They have more social contacts (17) than any other social class and these tend to be high status (the third highest of any class). This therefore appears to be the most gregarious class, especially with other generally high status people (see Erikson, 1996). They are also highly culturally engaged, both for highbrow culture (the second highest scores), and also emerging cultural capital (also second). This is therefore a culturally omnivorous and well-off group, with strong social connections. Its members are highly secure across all three forms of capital, though they lack the marked wealth of the elite.
Table 7 shows that they also have a high proportion of graduates amongst their ranks, and a majority of their members work in the professions or management. They also tend to come from professional and managerial families. However, in some areas they are more open than the elite, especially with a higher representation amongst ethnic minorities. Occupationally, this class does not see such marked over-representations of specific occupations as does the elite, though there are modestly high profiles for professionals working in public service, with some managerial jobs also scoring highly (see Table 8). However, in no case are these occupations more than 50 per cent more likely to be in this class than the GBCS as a whole, confirming that this class is recruited from a fairly broad occupational range. Educationally, a relatively large number of members are graduates. Geographically, the residences of this group tend to be located outside the south east of England, and mainly away from large towns or urban environments (see Figure 4). This is a ‘provincial’ formation, and is a sizeable bulwark of ‘middle England’: comfortably off, secure, and established.
Class 3: Technical middle class
This class is sociologically much more distinctive and original to our analysis. It is quite small, with only 6 per cent of the national population, but is relatively prosperous, with good mean household incomes (£38k), excellent household savings (£66k) and houses worth considerable amounts of money (£163k). It competes with the established middle class to be the second most prosperous class in terms of economic capital. This is clearly a prosperous group with a secure economic position in British society.
Socially and culturally, however, it is much more restricted than the established middle class. It reports the lowest number of social contacts of any of the classes (an astonishingly low average of four out of 34 possible contacts, compared to 17 for the established middle class), though these do tend to be high status. Its social circle is much more restricted than other social classes, and it presumably socialises nearly exclusively with other professional experts. This is an interesting riposte to those who think it is the poor or disadvantaged whose social networks are the most restricted. In fact, it is this comfortably off technical middle class who are by far the most limited here. Culturally, it also scores relatively low for both highbrow and emerging cultural capital and therefore appears to be relatively culturally disengaged. This class is distinguished by its relative social isolation as well as its cultural apathy.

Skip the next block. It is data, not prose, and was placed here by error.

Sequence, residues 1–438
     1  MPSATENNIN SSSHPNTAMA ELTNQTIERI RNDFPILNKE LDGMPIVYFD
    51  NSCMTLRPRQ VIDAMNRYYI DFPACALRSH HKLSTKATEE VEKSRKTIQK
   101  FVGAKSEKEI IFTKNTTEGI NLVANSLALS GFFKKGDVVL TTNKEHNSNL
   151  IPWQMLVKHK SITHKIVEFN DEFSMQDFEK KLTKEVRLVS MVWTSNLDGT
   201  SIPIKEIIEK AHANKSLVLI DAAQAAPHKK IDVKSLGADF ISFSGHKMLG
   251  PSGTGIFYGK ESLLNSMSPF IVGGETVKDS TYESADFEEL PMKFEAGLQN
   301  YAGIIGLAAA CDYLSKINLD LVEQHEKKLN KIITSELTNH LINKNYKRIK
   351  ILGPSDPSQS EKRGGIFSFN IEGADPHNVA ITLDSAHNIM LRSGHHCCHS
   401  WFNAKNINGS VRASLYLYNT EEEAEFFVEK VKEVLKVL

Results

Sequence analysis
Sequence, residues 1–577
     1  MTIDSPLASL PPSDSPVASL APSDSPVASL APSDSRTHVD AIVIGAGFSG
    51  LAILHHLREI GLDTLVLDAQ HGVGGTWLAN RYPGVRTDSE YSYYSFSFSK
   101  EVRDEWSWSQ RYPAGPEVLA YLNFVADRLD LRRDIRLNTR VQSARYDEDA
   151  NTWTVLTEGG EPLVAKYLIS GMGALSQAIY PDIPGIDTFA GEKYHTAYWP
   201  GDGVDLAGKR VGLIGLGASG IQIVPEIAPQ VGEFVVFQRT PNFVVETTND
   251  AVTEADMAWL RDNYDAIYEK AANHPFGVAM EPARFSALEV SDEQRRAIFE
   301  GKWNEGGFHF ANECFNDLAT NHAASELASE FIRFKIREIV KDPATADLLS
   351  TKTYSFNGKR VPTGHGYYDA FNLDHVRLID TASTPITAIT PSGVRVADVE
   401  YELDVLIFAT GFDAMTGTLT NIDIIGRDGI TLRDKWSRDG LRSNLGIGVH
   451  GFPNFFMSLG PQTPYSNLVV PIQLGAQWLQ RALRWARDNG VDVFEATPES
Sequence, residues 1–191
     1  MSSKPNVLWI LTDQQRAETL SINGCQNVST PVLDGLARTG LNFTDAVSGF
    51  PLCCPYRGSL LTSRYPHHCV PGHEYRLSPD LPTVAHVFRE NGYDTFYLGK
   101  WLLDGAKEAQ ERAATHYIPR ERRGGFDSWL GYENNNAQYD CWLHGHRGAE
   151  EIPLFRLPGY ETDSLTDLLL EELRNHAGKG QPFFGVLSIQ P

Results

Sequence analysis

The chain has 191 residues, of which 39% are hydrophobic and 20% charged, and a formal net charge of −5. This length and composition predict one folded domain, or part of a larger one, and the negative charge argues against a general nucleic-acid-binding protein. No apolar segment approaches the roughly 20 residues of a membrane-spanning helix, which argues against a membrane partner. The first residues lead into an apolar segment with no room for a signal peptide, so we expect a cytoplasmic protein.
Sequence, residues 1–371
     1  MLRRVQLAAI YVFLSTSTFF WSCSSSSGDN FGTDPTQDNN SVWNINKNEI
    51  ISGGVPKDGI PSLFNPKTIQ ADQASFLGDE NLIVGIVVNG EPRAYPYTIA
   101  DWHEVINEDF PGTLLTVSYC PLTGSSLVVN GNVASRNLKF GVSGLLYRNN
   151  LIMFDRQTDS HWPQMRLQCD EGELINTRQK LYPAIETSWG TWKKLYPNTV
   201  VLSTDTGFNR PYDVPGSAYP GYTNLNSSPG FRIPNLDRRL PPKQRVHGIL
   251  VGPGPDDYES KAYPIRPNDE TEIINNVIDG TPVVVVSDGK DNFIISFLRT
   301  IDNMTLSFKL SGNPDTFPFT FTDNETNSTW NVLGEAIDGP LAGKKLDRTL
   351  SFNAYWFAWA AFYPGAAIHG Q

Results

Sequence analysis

Table 7 shows that it has a lower proportion of graduates and of employees in the professions and management, though the levels of over-representation are also relatively modest, and much less marked than for the elite. Aircraft pilots, for instance, are 78 per cent more likely to be in this class than in the GBCS as a whole. This seems therefore to be a group who has achieved good economic rewards often without distinctive credentials, or through working in established middle-class jobs. Perhaps surprisingly, it has an above-average proportion of women (59%).
We can obtain more detail by using the GBCS to focus our understanding of its profile. There is an over-representation of those doing research, scientific and technical forms of work (see Table 8). Amongst those graduates who are located within it, there are over-representations from established and prestigious universities with strong reputations for science, including Warwick, Cambridge, UCL, Southampton and Imperial. There is also a slight over-representation of graduates in science and technology. Members of this class are geographically located in the South East where scientific and technical jobs are likely to be found (Figure 5), but shun the centre of London and tend to be located in suburban locations (perhaps consistent with their social isolation?).
We might see this class therefore as a group of scientifically and technically oriented people who have used their skills to gain reasonably secure and well-rewarded work, but who might not be seen as part of a more established middle class. Even though they are as likely as the established middle class to come from middle-class families, their degree of social and cultural disengagement is marked. We could see this group as indication of Savage’s (2010) argument that in the second half of the 20th century we have witnessed the emergence of a distinctive technical group somewhat at odds with the larger section of the middle classes who are more oriented towards the arts and humanities.
[. . .]
Let us conclude by comparing our findings with more familiar measures of social class, to draw out the wider implications of our model. Firstly, although, as we have discussed, there are clear occupational profiles which map onto our seven classes, the fit is by no means clear. Given the way we have constructed our model, this is not necessarily surprising. Nonetheless, it suggests the need for caution towards those exercises, such as those of Grusky and Weeden (2001, 2008), which focus on micro-classes whereby specific occupations are clearly differentiated from each other. Leaving aside the particular case of chief executive officers who are predominantly located in our ‘elite’, we have found no clear affiliation between specific occupations and our latent classes. Perhaps, rather than seeking to locate class fundamentally in occupational ‘blocks’, the time is now ripe for a different, multi-dimensional perspective, in which occupational membership is spread (though unevenly) between different classes.